Editor's Note: Rudy Giuliani served two terms as mayor of New York City and was a Republican candidate for president in 2008.
Rudy Giuliani says New York needs an advocate in the Senate who also understands America's needs.
NEW YORK (CNN) -- Now that President-elect Barack Obama has nominated Sen. Hillary Clinton to be his secretary of state, the governor of New York will appoint a new senator to fill the vacancy.
The relationship between the mayor of a large city and a United States senator from that city's state reveals the genius of the U.S. Constitution.
A good senator must perform two tasks simultaneously -- advocate for the interests of his (or her!) state while also helping to shape the direction of the entire country.
As mayor of New York City, I thought of our U.S. senators as New York's advocates in Washington. All of New York's senators during the time I was mayor -- Alfonse D'Amato, Daniel Patrick Moynihan, Charles Schumer and Hillary Clinton -- were effective advocates for New York City.
Each understood the crucial role that New York City plays in New York's economy and in America's economy, as the place that develops the capital that makes the economy work -- the heart that pumps the blood, so to speak.
When New York City is functioning well, the entire economy is functioning well. As we see today, when the city's financial industry is not functioning well, the entire country struggles.
As the nation's biggest city, New York City needs an advocate with the toughness to fight for everything to which we are entitled. That means winning the internal battles in the Senate, as well as standing up to the rest of Congress and the White House and administrative agencies.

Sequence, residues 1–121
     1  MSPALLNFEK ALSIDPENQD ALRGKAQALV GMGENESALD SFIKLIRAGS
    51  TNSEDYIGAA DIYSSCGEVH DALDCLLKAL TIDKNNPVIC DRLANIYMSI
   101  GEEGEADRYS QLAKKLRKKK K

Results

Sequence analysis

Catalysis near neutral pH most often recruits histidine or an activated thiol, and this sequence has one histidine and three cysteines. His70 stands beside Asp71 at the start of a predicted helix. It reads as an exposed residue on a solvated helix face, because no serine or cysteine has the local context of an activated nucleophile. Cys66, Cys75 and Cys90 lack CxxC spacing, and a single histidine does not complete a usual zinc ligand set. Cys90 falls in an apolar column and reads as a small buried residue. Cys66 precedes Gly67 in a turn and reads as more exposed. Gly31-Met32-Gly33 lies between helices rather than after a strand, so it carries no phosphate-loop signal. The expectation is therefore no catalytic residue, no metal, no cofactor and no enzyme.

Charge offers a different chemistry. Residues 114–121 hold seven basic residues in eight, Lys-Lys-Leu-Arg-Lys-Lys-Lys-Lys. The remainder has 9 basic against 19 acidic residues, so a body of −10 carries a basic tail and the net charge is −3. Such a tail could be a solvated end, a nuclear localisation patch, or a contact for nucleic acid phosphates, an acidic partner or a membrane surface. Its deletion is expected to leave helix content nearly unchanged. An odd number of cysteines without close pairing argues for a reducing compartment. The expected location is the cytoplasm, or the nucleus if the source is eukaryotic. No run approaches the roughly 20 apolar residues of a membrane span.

The mayor of New York City -- or of any big city -- has to be able to picture his state's U.S. senator standing up to legislators from other parts of the country advocating for their own region's needs.
For example, one of the first things Sen. Moynihan did after being elected in 1976 was to initiate a yearly survey that compared how much a state's residents sent to Washington compared to how much the state received back in federal aid.
While many Americans assumed New York received a lot more than it gave, Sen. Moynihan proved the reverse was true, and used that fact to advocate for New York.
A senator also needs a deep understanding of the many formulas that are used to calculate federally distributed aid. Some of these formulas are structured in a way that benefits less-populated areas.
Medicaid, for example, has been based on a state's per capita income, regardless of that state's number of recipients or healthcare costs. So a state like New York, which has high per capita income but large numbers of recipients and high health care costs, might receive from Medicaid as little as 50 percent of its costs. Other states get more than 70 percent of their costs covered by the federal program.
That's the sort of thorny policy issue that requires a senator to possess deep knowledge of an obscure distribution formula. But a senator should also bring a point of view -- a set of principles and beliefs that allows a consistent message to be articulated.
The Senate is a collegial body, where the ability to build support and command respect among one's peers is vital to passing legislation that benefits one's home state and the country as a whole.
New York City and New York state -- and indeed, our nation as a whole -- deserve a senator from New York who will both advocate for America's biggest city and third biggest state, and help advance and elevate America.
The opinions expressed in this commentary are solely those of Rudy Giuliani.